Where do you start when it comes to changing the culture at your workplace and putting an end to the vicious cycle of poor results, low morale, disengagement and dissatisfaction? This is a question that will eventually have to be addressed by any leader who is up to anything worthwhile. However, if you have ever tried to do just that, you know finding the right answer is much easier said than done.
There is overwhelming data that consistently shows 80% of employees are not engaged in their work, and their lack of satisfaction and enthusiasm about the work they do impacts not only their productivity, but just as importantly, their health and well-being and the quality of their relationships. Sadly, I know from my experience over the decades, having worked with thousands of people across four continents, most have accepted this monumental epidemic as the “way it’s always going to be.” They have come to believe that work is not supposed to be fun and it is normal to be stressed out and unmotivated. This is why Fridays are so celebrated while Mondays are loathed. As a society, we have simply accepted that work will always be a burden and there is nothing any of us can do to change that.
If you have ever taken on a substantive change or major transformation, you know that such pursuits always almost always invite some resistance and hesitation. If the initiative has been tried and failed before, you have even a bigger challenge on your hand. You might hear the initiative being referred to as another “program of the month,” or be told by someone in the organization that they have “tried that before and it didn’t work.” Needless to say, convincing naysayers to become enthusiastic advocates for change in situations like this can seem like an insurmountable challenge. But there are some things you can do that can help, and I’d like to suggest a few in this post.
We live in a world in which the vast majority of people are simply tolerating their jobs and we think it’s normal for things to be that way. Very few people are excited about going to work, something that holds true regardless of industry or place on the organizational chart. Although there are some solid statistics that show this is the case, you don’t have to look further than the people around you or your friends—or even in the mirror—to know that most of us aren’t celebrating the opportunity to go to work and participate in making a meaningful contributions to our teams and clients while growing and feeling recognized and rewarded.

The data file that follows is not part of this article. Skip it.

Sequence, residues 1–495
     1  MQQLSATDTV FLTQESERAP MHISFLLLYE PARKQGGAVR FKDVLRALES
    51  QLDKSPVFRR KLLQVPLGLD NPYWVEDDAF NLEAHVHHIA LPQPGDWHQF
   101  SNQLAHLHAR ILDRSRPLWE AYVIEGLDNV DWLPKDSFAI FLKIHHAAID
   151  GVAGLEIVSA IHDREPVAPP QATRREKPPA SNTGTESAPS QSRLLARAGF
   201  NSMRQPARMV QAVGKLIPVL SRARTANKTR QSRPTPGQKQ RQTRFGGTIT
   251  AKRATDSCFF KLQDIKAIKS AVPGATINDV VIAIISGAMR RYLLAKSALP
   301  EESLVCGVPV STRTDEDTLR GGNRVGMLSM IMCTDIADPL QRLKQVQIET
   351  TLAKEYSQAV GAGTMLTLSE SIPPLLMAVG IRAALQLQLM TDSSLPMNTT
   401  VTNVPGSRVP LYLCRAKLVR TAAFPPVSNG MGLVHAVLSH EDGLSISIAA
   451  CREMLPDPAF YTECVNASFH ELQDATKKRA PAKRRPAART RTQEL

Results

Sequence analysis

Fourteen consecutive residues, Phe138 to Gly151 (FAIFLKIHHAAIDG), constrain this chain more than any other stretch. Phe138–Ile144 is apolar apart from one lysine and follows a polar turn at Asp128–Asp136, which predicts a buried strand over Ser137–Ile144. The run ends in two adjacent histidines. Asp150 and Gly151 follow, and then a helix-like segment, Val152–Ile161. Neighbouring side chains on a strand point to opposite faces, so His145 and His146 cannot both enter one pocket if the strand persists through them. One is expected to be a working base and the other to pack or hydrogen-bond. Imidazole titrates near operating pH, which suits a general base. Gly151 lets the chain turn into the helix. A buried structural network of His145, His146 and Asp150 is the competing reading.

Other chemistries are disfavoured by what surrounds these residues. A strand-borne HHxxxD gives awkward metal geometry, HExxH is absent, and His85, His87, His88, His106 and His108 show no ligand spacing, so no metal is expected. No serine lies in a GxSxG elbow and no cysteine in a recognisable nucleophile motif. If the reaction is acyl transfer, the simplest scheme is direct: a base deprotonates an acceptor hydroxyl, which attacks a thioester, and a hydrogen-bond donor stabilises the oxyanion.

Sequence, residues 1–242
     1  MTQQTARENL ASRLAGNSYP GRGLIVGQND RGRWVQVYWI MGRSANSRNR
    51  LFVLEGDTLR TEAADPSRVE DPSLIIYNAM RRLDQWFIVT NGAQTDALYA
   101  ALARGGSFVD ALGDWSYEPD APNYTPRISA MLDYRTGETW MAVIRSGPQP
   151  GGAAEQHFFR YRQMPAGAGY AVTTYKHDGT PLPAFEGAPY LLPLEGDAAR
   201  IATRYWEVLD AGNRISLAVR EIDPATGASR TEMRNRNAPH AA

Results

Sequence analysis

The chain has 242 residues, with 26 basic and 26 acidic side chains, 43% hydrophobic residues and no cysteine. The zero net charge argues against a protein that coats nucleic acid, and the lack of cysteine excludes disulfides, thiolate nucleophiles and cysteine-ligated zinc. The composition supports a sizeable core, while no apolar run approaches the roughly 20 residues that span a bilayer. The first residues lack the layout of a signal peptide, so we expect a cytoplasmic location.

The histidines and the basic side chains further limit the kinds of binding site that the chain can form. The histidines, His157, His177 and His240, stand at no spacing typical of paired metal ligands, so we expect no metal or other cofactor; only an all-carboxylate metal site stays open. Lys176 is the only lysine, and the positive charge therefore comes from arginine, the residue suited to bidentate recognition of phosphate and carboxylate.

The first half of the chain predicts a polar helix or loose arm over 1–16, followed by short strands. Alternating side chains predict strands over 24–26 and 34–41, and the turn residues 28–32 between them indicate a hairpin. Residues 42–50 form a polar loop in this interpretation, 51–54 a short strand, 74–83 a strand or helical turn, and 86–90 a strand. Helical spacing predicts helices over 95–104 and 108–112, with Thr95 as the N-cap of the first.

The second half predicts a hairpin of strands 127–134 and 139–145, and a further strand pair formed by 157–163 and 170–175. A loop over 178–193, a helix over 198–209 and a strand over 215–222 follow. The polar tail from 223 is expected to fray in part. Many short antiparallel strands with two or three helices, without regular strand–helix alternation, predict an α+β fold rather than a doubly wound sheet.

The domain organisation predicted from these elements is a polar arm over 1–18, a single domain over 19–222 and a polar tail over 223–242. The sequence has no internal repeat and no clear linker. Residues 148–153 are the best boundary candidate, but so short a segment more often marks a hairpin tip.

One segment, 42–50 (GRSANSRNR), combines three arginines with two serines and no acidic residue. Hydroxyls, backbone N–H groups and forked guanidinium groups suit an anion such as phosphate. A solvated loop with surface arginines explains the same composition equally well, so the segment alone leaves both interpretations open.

Anyone with the slightest amount of objectivity would agree that we look at ourselves, other people, our circumstances, and everything else around us through filters that we have consciously or subconsciously constructed. We simply see what we look at and find what we look for, and take what we see as “the truth” for granted while rejecting every other perspective as wrong, no matter how much evidence there is to support them. But knowing this makes no difference when we feel strongly about our worldview. When we are right, we are right and that’s that! We make up our mind which politician we are going to support or which department we are going to give our allegiance to, come hell or high water, and we end up doing everything we can to point to the speck in “those other people’s” eye while ignoring the plank in our own. We all have the tendency to act as if a foolish consistency is some kind of virtue, rather than “the hobgoblin of small minds,” as Emerson put it.